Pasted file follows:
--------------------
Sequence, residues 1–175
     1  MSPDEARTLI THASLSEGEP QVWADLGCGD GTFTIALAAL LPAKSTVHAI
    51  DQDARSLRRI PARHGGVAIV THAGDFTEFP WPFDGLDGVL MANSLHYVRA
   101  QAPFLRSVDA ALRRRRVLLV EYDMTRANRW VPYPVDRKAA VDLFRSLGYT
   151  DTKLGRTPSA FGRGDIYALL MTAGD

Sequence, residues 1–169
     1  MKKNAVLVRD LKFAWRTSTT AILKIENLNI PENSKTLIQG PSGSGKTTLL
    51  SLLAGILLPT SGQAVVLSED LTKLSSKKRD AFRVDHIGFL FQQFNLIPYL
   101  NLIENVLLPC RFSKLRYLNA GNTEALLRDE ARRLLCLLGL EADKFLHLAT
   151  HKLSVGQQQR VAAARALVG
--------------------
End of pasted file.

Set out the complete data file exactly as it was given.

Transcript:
Sequence, residues 1–175
     1  MSPDEARTLI THASLSEGEP QVWADLGCGD GTFTIALAAL LPAKSTVHAI
    51  DQDARSLRRI PARHGGVAIV THAGDFTEFP WPFDGLDGVL MANSLHYVRA
   101  QAPFLRSVDA ALRRRRVLLV EYDMTRANRW VPYPVDRKAA VDLFRSLGYT
   151  DTKLGRTPSA FGRGDIYALL MTAGD

Sequence, residues 1–169
     1  MKKNAVLVRD LKFAWRTSTT AILKIENLNI PENSKTLIQG PSGSGKTTLL
    51  SLLAGILLPT SGQAVVLSED LTKLSSKKRD AFRVDHIGFL FQQFNLIPYL
   101  NLIENVLLPC RFSKLRYLNA GNTEALLRDE ARRLLCLLGL EADKFLHLAT
   151  HKLSVGQQQR VAAARALVG